David Element

 

Wildlife Photography and Digital Video Images

_________________________________________________________________________________________________________ Bugs 10 – Ornate Shieldbugs

 

 

 

A insect on the grass

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ORNATE SHIELDBUG Eurydema ornata

 

A insect on the ground

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ORNATE SHIELDBUG Eurydema ornata

 

A insect on the ground

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ORNATE SHIELDBUG Eurydema ornata

 

A insect on the ground

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ORNATE SHIELDBUG Eurydema ornata

 

A insect on the ground

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ORNATE SHIELDBUG Eurydema ornata

 

A insect on the ground

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ORNATE SHIELDBUG Eurydema ornata

 

A insect on the ground

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ORNATE SHIELDBUG Eurydema ornata

 

A insect on the ground

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ORNATE SHIELDBUG Eurydema ornata

 

A small insect on a branch

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ORNATE SHIELDBUG Eurydema ornata

 

A picture containing animal, bird, sitting, small

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ORNATE SHIELDBUG Eurydema ornata (nymph)

 

A picture containing object, honeycomb, small, yellow

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ORNATE SHIELDBUG Eurydema ornata (nymph)

 

A close up of an insect on a branch

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ORNATE SHIELDBUG Eurydema ornata (nymph)

 

A close up of an animal

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ORNATE SHIELDBUG Eurydema ornata (emerging first instar nymphs)

 

·         The continental Ornate Shieldbug Eurydema ornata has been beginning to colonise in the UK recently. This very handsome insect has several different colour morphs as will be evident from this series of photographs and some of these may be related to maturity or the time of year. The first image of a very striking scarlet and black female is notable for having been taken at a well-known site on the North Downs in 2016. It was only the second ever record for the Vice-county but sadly the exact spot where she was seen was subsequently ‘strimmed’ down to ground level by the representatives of a conservation organisation as the wardens claimed that the vegetation had been obstructing the visibility from one of their Land Rovers on a curve and the photographer has been unable to relocate this bug ever since. Given the distance from any human habitation it would seem very likely that she had arrived there without any artificial assistance. Surely, a simple toot on the horn would have sufficed! The red, cream and black variant is particularly beautiful. A partial life-history has been included at the end of the sequence and the remaining photographs were taken in France and Portugal. Although not observed it is probable that the emerging first instar nymphs would have consumed their own eggshells as easy protein sources are rarely ignored in nature. If this bug does become established inland, then the most likely route would be on plant products that have managed to evade biosecurity measures. It is perhaps most likely to colonise the London suburbs as the microclimate is comparatively warm and other European bugs have already set a precedent.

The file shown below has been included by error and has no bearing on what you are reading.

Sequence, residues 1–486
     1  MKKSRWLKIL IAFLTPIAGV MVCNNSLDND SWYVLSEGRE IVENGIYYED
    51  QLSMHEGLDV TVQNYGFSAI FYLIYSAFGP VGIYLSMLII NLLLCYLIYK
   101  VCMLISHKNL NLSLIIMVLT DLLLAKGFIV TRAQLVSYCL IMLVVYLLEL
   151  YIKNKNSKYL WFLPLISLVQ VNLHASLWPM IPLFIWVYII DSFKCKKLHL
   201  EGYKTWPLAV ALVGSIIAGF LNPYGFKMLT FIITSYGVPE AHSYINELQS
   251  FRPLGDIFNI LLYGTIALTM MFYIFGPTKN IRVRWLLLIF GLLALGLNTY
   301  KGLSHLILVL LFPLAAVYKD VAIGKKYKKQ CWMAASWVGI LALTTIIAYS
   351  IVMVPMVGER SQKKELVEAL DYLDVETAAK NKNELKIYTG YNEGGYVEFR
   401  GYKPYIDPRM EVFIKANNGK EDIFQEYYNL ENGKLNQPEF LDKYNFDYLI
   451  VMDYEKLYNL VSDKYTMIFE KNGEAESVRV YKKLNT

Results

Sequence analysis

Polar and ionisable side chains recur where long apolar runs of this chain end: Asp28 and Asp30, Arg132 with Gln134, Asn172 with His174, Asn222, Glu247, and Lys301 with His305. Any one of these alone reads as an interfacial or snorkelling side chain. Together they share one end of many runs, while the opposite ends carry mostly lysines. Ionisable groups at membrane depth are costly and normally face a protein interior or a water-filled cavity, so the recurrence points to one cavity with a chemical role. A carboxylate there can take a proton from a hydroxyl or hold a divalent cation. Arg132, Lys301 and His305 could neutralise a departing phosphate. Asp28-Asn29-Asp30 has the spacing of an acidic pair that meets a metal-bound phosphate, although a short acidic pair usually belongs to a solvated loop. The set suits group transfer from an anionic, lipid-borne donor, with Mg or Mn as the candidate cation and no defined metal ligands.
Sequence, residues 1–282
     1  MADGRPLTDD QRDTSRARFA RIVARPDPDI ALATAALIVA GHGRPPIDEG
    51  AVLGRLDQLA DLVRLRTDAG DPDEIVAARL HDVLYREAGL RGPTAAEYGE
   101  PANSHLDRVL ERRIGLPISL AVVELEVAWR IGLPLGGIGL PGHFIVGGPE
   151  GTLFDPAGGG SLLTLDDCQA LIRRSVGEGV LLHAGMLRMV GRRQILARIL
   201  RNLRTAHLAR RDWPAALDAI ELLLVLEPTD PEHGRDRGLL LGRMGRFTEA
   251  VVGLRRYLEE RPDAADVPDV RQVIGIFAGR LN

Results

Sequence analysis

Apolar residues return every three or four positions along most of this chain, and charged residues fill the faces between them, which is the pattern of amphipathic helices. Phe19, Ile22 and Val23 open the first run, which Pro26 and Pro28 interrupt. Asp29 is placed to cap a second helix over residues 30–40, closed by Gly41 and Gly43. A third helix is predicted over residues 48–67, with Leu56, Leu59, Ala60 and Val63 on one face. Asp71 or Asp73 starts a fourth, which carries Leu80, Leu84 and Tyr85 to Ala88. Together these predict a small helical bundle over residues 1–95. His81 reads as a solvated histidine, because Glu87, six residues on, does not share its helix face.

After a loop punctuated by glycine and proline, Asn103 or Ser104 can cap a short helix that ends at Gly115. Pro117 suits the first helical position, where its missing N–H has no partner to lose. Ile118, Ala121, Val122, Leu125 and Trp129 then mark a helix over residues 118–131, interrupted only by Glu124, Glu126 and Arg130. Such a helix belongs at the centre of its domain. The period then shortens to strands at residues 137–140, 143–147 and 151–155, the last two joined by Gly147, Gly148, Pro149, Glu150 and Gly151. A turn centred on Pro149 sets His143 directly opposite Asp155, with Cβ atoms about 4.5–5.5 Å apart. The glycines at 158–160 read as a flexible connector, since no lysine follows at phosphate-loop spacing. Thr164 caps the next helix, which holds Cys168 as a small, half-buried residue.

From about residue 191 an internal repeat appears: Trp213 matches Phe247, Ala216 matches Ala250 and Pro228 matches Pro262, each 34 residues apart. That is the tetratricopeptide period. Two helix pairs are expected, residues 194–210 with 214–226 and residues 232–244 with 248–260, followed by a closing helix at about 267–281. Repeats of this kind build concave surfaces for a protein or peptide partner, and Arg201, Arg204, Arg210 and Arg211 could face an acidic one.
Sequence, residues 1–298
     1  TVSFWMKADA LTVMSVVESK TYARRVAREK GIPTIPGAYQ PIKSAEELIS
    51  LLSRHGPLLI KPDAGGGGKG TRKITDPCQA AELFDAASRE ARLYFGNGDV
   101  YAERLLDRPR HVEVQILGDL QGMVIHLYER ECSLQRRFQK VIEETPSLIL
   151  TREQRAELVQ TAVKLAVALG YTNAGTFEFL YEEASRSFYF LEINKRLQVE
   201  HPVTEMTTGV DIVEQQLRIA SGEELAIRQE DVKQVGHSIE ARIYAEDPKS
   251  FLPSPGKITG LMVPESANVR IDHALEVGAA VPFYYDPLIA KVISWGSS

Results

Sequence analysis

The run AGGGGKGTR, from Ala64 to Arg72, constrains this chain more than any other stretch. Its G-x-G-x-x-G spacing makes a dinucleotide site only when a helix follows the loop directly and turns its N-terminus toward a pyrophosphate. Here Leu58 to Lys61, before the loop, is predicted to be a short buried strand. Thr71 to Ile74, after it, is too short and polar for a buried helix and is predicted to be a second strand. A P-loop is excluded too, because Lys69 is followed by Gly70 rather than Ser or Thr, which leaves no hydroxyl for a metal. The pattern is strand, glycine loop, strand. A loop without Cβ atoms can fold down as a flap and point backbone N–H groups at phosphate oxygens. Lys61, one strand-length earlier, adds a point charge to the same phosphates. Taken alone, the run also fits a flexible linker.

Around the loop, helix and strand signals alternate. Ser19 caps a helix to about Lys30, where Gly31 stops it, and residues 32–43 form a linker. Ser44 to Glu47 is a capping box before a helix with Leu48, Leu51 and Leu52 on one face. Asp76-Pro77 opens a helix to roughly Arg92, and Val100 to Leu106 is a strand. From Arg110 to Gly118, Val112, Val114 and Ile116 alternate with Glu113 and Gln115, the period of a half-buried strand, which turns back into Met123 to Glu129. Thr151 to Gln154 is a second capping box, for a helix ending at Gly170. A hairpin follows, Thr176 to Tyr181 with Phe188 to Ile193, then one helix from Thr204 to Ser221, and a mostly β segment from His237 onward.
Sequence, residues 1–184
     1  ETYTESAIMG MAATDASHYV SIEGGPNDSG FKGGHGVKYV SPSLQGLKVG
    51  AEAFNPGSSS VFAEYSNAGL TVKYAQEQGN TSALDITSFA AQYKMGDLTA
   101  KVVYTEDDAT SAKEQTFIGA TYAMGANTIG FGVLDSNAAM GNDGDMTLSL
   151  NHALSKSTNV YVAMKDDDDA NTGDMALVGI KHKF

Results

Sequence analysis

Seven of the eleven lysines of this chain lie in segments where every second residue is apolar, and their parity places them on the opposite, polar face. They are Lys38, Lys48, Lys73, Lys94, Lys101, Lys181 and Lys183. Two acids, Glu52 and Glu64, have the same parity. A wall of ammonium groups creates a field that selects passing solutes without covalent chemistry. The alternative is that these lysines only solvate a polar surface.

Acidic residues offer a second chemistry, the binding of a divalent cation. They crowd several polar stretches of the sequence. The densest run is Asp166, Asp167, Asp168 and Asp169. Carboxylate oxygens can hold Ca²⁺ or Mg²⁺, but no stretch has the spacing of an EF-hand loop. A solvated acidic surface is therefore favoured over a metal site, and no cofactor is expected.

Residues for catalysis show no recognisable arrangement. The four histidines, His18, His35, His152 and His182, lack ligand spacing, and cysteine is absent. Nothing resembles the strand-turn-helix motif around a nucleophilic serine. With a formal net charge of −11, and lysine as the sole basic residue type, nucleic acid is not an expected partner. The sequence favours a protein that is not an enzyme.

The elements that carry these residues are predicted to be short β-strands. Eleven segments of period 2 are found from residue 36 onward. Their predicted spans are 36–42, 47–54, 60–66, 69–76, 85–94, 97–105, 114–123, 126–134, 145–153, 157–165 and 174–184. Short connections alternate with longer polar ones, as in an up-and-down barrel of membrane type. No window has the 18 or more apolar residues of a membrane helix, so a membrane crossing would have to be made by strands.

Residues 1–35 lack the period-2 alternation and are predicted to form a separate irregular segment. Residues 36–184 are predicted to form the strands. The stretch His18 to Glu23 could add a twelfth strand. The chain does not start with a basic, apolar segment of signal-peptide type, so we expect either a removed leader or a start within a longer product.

·         David’s short film of the Surrey Ornate Shieldbug may be seen at: https://www.youtube.com/watch?v=9LSPo2SoxZ8&list=PL4AirIEc0NoeuL9e36qZC-CQ0yX0XC7QZ&index=82&t=0s.

 

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